The CCP’s Biggest Fans
Some issues are centralized, including the imprisonment of Muslim minorities in Xinjiang. American companies are banned from certain types of business transactions there due to human rights abuses in the far western province, but that has not stopped AirBnB from having rental listings there; Tesla from opening a dealership there this month; and Volkswagen from continuing to be a big employer in Xinjiang.
It’s likely those companies are not themselves directly working with prison labor from Xinjiang. However, their presence lends a big sense of credibility to the CCP’s Xinjiang policies. It gives Beijing a chance to tell Washington and Brussels during official visits and at forums like United Nations Climate Change Conference or G20 ministerial meetings: “Look, your biggest corporate names are all here and they don’t see the same problems you do.”
Grünberg said Europe is the one to watch in the months ahead on its China policy. “There is a lot of coercion going on there. It will be interesting to watch how individual countries react,” he said, naming Germany. Will they do whatever it takes “just to secure access to the Chinese market? I believe that Chinese leaders think their economy is too attractive not to invest in, still.”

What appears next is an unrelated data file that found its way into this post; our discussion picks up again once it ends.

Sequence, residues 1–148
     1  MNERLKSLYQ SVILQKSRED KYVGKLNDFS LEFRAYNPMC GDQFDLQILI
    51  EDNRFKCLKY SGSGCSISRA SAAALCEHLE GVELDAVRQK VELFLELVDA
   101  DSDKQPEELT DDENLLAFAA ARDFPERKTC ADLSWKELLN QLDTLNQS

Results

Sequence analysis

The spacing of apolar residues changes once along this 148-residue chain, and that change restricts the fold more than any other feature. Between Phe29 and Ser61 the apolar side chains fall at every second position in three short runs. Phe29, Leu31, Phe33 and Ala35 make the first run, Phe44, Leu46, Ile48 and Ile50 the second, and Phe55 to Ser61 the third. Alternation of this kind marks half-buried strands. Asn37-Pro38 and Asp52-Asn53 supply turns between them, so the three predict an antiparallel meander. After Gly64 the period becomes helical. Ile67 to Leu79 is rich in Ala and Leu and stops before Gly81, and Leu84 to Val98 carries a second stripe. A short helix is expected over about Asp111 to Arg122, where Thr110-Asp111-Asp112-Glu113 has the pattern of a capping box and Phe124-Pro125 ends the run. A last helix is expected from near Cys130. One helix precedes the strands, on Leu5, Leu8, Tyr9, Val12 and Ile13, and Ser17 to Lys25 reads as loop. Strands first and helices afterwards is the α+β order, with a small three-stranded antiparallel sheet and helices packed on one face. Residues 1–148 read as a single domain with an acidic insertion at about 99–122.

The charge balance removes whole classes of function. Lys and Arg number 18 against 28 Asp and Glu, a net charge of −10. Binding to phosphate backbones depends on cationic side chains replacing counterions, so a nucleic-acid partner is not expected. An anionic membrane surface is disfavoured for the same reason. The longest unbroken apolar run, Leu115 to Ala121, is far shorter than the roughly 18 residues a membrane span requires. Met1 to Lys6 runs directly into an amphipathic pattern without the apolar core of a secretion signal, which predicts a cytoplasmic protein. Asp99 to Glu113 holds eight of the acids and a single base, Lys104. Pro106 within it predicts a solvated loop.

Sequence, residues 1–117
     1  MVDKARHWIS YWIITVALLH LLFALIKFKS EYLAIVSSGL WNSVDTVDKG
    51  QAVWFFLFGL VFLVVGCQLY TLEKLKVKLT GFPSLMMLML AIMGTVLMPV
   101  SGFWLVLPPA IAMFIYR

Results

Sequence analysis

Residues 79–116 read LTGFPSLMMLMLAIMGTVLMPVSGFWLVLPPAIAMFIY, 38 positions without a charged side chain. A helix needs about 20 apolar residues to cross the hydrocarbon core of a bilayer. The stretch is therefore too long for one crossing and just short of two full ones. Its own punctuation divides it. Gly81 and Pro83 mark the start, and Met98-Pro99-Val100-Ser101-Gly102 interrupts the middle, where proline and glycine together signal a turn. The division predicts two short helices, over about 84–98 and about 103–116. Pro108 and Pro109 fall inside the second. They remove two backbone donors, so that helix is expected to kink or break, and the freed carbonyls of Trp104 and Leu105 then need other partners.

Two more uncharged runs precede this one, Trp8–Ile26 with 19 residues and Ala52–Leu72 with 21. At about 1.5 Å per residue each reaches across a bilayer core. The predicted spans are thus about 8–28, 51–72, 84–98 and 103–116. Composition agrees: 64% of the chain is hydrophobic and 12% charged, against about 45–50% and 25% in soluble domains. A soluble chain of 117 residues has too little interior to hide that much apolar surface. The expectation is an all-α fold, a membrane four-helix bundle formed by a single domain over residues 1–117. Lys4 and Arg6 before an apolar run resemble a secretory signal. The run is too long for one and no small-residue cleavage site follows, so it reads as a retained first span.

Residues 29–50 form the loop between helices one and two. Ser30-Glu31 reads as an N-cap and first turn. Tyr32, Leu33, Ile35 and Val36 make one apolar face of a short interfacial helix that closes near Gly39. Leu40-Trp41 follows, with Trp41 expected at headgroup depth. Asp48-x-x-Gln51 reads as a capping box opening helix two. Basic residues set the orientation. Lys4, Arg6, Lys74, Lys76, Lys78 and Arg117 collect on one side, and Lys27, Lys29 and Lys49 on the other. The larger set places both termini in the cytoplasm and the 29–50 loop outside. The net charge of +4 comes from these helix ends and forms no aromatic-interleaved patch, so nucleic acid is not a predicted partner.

Wall Street agrees. Well-known investors like Ray Dalio, founder of Bridgewater Associates, and manager of China investment accounts, often says he is thinking pragmatically about China when he recommends investing there. Larry Fink, CEO of BlackRock, says the same when confronted on his views of environmentally-friendly investing while pouring billions into the worst polluting economy in the world (let alone into Chinese military companies, for which they only recently had to divest).
Silicon Valley stars are also fine with China, easily separating its leadership from the market. Venture capitalist and NBA’s Golden State Warrior investor Chamath Palihapitiya said recently that no one in his VC investor and NBA ownership circle considers the situation in Xinjiang a top concern. The State Department has referred to the treatment of Muslims in Xinjiang as genocide.